Each and every one of those atrocities -- be it the abuse Kyle Beach endured at the hands of Chicago Blackhawks employee Brad Aldrich in 2010 that was ultimately enabled and silenced by the team's senior leadership trust, or the alleged gang rapes committed by members of the 2018 and 2003 Canadian world juniors hockey teams that were promptly swept under the rug by Hockey Canada, or the decision to blackball Akim Aliu from countless professional hockey circles in order to protect coach Bill Peters, who had directed racial slurs at Aliu during their time with the AHL's Rockford Ice Hogs -- is rooted in the pursuit of on-ice success at any and all costs.

That's why the Bruins signed Mitchell Miller today. Not because he'd be a positive addition to their organizational culture or because they want to help him further understand the gravity of his actions. No, the Bruins signed Miller because they think he will help them win hockey games. They value the potential to increase their odds at a championship over the emotional and physical well-being of a person and his entire family.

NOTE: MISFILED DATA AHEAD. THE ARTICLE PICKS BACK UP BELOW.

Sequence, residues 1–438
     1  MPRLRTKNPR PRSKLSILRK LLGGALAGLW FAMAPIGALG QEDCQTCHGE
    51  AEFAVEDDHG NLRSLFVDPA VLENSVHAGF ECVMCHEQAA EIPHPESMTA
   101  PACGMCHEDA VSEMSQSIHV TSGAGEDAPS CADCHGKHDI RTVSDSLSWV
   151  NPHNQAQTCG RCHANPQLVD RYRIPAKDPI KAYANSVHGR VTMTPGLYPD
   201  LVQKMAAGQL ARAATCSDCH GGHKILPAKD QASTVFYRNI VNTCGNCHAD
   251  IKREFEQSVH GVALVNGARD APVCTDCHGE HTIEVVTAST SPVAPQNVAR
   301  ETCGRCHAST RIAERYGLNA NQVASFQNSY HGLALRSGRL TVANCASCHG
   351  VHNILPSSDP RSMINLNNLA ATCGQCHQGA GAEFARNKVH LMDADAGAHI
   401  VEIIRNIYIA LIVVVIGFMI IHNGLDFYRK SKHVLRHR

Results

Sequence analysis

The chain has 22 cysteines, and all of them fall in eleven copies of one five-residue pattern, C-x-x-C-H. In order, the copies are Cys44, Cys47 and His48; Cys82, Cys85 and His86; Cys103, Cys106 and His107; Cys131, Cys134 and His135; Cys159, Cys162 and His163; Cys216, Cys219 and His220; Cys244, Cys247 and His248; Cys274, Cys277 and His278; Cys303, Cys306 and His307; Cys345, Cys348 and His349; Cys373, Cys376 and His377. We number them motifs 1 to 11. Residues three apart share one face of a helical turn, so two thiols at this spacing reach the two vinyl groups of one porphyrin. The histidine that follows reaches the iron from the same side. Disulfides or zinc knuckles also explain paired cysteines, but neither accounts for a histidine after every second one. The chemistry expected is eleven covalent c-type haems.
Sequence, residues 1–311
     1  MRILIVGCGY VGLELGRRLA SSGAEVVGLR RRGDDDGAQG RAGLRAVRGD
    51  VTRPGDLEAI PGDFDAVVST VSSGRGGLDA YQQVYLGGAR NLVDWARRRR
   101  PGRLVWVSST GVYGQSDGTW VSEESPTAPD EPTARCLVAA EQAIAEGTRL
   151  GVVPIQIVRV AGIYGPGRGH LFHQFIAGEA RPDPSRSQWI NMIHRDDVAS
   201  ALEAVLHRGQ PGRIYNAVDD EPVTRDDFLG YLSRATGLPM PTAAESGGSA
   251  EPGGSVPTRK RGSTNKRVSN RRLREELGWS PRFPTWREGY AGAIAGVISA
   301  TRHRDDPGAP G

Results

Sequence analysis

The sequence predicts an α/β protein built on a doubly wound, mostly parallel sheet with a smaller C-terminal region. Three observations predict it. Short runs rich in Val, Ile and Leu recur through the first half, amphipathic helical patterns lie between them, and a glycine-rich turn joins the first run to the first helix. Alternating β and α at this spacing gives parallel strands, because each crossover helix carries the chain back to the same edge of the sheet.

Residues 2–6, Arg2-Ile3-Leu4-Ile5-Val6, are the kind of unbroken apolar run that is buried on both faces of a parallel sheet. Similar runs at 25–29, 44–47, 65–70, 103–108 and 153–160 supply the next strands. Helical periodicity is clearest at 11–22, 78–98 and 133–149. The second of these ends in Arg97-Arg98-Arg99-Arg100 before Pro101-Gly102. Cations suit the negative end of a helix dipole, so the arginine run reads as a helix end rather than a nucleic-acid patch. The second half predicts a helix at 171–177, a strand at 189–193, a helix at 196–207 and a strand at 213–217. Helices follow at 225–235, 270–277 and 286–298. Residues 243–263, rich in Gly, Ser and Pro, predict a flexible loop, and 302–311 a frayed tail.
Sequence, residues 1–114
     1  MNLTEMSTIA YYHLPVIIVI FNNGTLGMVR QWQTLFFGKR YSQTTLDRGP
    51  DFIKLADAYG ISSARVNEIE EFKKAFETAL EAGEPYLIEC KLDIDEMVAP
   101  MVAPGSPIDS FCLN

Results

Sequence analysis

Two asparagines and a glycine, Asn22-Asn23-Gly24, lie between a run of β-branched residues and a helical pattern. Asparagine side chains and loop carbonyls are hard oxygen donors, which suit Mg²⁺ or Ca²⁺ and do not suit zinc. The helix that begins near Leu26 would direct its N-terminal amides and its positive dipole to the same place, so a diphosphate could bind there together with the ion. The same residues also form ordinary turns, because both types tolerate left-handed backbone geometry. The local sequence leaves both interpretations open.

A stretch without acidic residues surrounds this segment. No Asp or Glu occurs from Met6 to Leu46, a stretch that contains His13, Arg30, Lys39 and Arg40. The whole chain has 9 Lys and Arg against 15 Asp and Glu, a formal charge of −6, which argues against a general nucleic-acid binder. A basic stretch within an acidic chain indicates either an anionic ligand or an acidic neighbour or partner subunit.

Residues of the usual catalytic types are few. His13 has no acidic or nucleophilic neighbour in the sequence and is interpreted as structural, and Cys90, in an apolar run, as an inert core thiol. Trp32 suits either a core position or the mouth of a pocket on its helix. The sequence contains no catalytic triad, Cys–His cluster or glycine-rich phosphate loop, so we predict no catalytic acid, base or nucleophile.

That's the decision they've made today. And it's the cross they'll be forced to bear for the remainder of their existence.

It's as simple as that, really. The ink on Miller's newly-issued contract pulls back the curtain on a terrible truth that has been lurking all along: These people won't learn. 

They're incapable of it, frankly. And to expect them to change from here on out would be both irresponsible and naive. 

The worst part is, they're not even hiding it anymore. 

"I can't categorically tell you this was the right decision," admitted Bruins GM Don Sweeney to reporters on Friday afternoon before further stating that he's unsure whether he'd be able to forgive Miller for his actions if they were committed against his own child. 

Well, luckily for Don, they weren't. Miller didn't torture Sweeney's child -- or anyone even tangentially associated with his social circle. He tortured Isaiah Meyer-Crothers. And now, Miller has an NHL contract that boasts the maximum term and average annual salary allowed to a player his age. 

This is not a matter of debating the merit of second chances. It's about deciphering who gets to determine when that second chance is earned. 

The only party with the power to declare Miller worthy of another crack at the privileges he's been afforded is Isaiah Meyer-Crothers and his family. The victims continue to deal with the aftermath of Miller's abuse while he skates on to professional glory. And by declining to so much as reach out to that family during their vetting process of Miller, the Bruins categorically lack the power to grant him one. 

But they did so anyway. Because this sport refuses to learn a single thing. 

Maybe they will one day. Maybe this is the straw that mercifully breaks this damn camel's back. It's not impossible. 

Just don't hold your breath.